The valley of Jezreel is in several places in the Scripture to stand for a place of choosing. The plain of Megiddo is the name of the place where this weeping is mentioned. It means the place of cutting, or division. We might suggest it is a place of choosing righteousness or unrighteousness. In ancient times, Megiddo was never referred to as a mountain or Har-Megedon. At an important crossroads, it was a natural place for enemies to meet. Again, we are given the imagery of a place of choosing, a place of choice between good and evil.
FYI: Rimmon is the name of a city south of Jerusalem settled by the tribe of Judah. It was first established when the Israelites came into Canaan [Joshua 15:32]. The 600 Benjaminites hid at the rock of rimmon [Judg. 20:47] in retreat from the conflict over the rape of the Levite concubines.
Megiddo is also mentioned as the place of battle which is commonly known as Har-Megedon (Rev 16:16). This is the final place of a great battle between God Almighty and the kings of the earth.
First there is David the king and then there are two prominent Nathans in the Scriptures, the prophet, the son of David by Bathsheba, who was the pro-generator of Messiah, on Mary’s side. The Shime-ites were the sons of Gershon, the sons of Levi, who had the responsibility to move the tabernacle, tent of meeting and the screen and the door [Num. 3:21-26]. And Levi, who the LORD said belonged to Him [Num. 3:12]. They don’t seem to be conected in any real way. Almost random.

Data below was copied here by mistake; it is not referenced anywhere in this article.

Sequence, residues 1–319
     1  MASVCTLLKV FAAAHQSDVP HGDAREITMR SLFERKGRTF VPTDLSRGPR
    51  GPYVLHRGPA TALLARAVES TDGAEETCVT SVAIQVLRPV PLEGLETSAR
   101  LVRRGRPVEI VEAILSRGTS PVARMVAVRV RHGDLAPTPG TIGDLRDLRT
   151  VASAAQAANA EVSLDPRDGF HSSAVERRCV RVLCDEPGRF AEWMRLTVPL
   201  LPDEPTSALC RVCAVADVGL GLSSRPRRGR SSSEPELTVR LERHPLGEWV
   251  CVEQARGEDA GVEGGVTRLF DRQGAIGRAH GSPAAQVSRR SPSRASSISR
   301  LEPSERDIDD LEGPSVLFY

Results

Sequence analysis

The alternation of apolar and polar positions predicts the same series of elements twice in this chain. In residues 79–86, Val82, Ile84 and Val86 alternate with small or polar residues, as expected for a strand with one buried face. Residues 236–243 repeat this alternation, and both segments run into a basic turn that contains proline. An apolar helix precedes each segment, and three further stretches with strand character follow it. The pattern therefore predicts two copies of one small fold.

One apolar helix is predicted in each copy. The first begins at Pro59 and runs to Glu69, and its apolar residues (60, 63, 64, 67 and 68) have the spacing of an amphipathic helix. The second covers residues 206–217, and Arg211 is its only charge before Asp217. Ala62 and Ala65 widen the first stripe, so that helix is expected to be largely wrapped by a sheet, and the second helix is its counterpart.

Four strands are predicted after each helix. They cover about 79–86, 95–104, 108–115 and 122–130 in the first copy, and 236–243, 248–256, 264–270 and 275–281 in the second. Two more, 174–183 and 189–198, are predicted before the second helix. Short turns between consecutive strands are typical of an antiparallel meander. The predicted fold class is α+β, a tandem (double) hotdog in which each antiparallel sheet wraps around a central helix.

This is an interesting group of people who are named. Taking the names listed here and determining if a metaphor is apparent, may give us a meaning to the One who is the object of the mourning. It points to the One who is prophet, priest and king, the one whom they pierced.
David’s name means beloved
and lo, a voice from heaven, saying, “This is my beloved Son, with whom I am well pleased.” Matt. 3:17
Nathan’s name means given or gift
And he took bread, and when he had given thanks he broke it and gave it to them, saying, “This is my body which is given for you. Do this in remembrance of me.” Luke 22:19
Shimi’s name means my name, or reputation
And there is salvation in no one else, for there is no other name under heaven given among men by which we must be saved.” Acts 4:12
Levi’s name means my joined
in whom the whole structure is joined together and grows into a holy temple in the Lord; Eph. 2:21
Roughly, the metaphor would be: We must be joined to the beloved name of the given. This is an important prophecy of the nature of salvation in the Messiah; the One who we must be joined to, grown into a holy temple with, the beloved one who was given for us.
and all the families that are left
Seems only small groups of people actually embrace the Messiah. Many times “by themselves” is mentioned; each family recognizes the Messiah, not the nation as a whole.
You are the sons of the prophets and of the covenant which God gave to your fathers, saying to Abraham, ‘And in your posterity shall all the families of the earth be blessed.’ Acts 3:25